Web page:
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Gene Shinn Writes Bootstrap Geologist—My Life in Science

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On a May evening in Pittsburgh, Pennsylvania, at the 2013 convention of the American Association of Petroleum Geologists, retired U.S. Geological Survey (USGS) geologist Gene Shinn sat at a table signing copies of his new book, Bootstrap Geologist—My Life in Science. Gene was greeted with pleasure by numerous colleagues—from the oil industry, where he began his career; from the USGS, where he spent the greater part of it; and from academia, a world he recently joined as a courtesy professor at the University of South Florida.

Gene Shinn signs copies of his book
Above: Gene Shinn signs copies of his book, Bootstrap Geologist—My Life in Science, at the American Association of Petroleum Geologists Annual Convention in Pittsburgh, Pennsylvania, May 2013. [larger version]

Gene’s new book details experiences and discoveries from each of these worlds, amassed over a career that has spanned nearly five decades.

Gene began as a lab assistant with Shell Development Company's Coral Gables Carbonate Research group. One of his Shell supervisors, Marlan Downey, cites Gene's energy, open mind, extraordinary level of curiosity, and powers of observation as the qualities that propelled him from lab assistant to senior geologist at Shell. Those same qualities, aided by his boating and scuba skills, led Gene to discoveries that were controversial for the time, such as his realization while diving in the Persian Gulf that limestone cement can form in saltwater, not just in freshwater.

After a varied and rewarding 15 years with Shell, Gene joined the USGS in 1974, taking a job that he writes “would lead to the most productive thirty-one years of my life.” His curiosity unabated, Gene kept his eye on topics that had interested him at Shell, such as submarine cementation, and he branched out into many new areas of research, such as measuring rates of coral growth as a clue to coral health and investigating the ecologic effects of African dust carried by winds to the Caribbean.

Gene Shinn uses his "flushable toilet" model to demonstrate how sewage flows through porous limestone
Above: Not just an innovative researcher, but also an innovative communicator, Gene Shinn uses his "flushable toilet" model to demonstrate how sewage flushed or injected into shallow disposal wells flows through porous limestone underlying the Florida Keys. (He received the 2002 USGS Shoemaker Award for Distinguished Achievement in Communications.) [larger version]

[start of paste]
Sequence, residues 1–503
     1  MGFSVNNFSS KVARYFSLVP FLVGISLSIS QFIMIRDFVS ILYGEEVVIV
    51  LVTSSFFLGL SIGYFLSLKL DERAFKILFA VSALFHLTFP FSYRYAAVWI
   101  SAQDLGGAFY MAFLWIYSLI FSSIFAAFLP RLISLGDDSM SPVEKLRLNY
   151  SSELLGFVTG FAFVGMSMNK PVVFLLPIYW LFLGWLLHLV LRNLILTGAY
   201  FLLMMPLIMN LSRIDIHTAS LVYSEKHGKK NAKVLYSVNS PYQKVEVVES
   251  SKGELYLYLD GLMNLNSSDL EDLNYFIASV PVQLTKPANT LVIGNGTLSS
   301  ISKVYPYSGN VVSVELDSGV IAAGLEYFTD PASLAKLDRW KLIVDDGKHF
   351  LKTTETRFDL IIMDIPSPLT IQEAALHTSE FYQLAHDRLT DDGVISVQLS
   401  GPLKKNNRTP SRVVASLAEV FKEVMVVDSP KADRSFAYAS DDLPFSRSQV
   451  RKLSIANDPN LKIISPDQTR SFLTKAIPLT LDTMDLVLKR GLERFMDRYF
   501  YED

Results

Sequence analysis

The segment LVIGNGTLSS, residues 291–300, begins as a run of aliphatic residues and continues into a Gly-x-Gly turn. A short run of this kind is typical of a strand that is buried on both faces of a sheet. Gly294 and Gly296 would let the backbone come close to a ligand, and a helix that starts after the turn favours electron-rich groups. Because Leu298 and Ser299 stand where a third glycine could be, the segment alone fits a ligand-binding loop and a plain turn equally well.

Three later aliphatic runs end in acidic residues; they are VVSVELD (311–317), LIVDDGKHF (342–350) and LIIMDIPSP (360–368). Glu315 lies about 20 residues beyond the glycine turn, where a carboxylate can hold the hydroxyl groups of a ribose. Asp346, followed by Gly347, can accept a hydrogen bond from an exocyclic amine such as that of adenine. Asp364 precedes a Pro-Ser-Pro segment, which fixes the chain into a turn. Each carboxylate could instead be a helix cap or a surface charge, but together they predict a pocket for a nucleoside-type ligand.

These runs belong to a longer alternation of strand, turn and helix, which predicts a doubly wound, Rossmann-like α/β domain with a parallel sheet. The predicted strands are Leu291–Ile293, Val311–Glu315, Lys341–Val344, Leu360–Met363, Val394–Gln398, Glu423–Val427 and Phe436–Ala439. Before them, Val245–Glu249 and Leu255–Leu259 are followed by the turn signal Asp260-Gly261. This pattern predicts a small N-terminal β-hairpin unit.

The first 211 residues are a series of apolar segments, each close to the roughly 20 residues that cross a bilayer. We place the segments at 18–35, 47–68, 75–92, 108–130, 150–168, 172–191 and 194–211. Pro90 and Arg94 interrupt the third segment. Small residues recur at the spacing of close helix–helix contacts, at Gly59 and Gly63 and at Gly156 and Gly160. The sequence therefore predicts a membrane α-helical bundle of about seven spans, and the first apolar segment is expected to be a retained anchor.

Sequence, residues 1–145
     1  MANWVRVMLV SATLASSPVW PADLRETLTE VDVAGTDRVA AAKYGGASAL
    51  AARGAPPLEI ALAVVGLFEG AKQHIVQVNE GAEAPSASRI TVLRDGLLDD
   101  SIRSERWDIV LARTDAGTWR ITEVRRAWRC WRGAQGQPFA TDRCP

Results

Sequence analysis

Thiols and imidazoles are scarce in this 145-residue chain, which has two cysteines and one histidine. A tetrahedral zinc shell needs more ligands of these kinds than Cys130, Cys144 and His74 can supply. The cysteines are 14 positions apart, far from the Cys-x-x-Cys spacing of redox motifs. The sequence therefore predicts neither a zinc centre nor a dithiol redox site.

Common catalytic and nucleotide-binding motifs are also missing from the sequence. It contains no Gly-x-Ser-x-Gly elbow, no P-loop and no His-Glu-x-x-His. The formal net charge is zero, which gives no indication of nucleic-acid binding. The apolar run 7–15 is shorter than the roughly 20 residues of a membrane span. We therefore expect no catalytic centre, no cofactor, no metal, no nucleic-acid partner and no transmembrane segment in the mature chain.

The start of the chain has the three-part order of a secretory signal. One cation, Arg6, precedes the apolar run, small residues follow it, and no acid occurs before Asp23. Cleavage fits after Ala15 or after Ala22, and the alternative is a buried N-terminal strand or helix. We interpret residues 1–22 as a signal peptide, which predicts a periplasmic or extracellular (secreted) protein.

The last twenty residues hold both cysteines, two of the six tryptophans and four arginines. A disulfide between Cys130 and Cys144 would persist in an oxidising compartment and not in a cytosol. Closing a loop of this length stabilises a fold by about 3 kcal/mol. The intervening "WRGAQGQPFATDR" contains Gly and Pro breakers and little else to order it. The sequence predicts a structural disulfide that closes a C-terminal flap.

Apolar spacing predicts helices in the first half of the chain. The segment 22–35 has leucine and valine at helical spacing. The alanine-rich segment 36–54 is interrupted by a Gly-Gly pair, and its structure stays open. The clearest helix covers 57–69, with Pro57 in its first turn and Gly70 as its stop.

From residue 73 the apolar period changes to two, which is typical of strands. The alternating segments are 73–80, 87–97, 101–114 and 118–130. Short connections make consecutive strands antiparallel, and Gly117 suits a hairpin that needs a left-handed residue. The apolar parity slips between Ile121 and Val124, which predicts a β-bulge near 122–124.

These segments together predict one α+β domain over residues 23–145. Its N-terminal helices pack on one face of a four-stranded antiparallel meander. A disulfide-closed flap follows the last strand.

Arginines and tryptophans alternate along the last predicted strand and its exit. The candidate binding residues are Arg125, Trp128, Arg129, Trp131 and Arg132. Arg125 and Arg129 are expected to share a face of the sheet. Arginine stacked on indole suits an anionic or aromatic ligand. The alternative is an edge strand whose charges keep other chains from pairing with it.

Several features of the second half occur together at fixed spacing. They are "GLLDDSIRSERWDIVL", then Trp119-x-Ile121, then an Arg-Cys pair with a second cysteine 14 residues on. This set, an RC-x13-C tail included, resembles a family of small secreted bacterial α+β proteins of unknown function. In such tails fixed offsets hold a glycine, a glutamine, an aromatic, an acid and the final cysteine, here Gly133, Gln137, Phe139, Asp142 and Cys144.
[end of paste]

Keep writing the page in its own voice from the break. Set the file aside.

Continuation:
Still going strong after retiring from the USGS in 2006, Gene received the Twenhofel Medal, the highest award given by the Society for Sedimentary Geology, in 2009. He continues doing science and service work from his office at the University of South Florida’s College of Marine Science, where he also penned the new book.

Related Sound Waves Stories
Gene Shinn Wins 2002 Shoemaker Award for Distinguished Achievement in Communications
Feb. / Mar. 2003
Gene Shinn Wins Preeminent SEPM Twenhofel Medal
December 2008
Coral Reef Health and Environmental Changes in the Florida Keys and the Caribbean Sea—Video Podcasts Highlight USGS Research
April / May 2011
Retirement of Gene Shinn, Pioneer in Carbonate Sedimentology and Coral-Reef Ecosystems
February 2006
African Dust Microbiology in the Caribbean
September 2002
Gene Shinn, Chris Reich, and Don Hickey Receive SEPM Award
May 2000

Related Websites
Science on His Own Terms
New York Times
Gene Shinn - Science - 1984
Dr. Eugene A. Shinn
SelectedWorks of Eugene Shinn

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Deepwater Gas Hydrate Deposits in the Gulf of Mexico

Deep-Sea Tripod System to be Deployed in South China Sea

Research New Reports Assess Probability of Hurricane-Induced Coastal Change

Weight-Based Approach to Measuring Coral Growth

California Mallard Ducks Surf for Food

Outreach Inspiring Girls To Pursue Careers in STEM

Meeting to Coordinate USGS Data Management to Support Ocean Planning

Mike Field Receives Distinguished Service Award

Publications Gene Shinn Writes Bootstrap Geologist—My Life in Science

July / Aug. Publications

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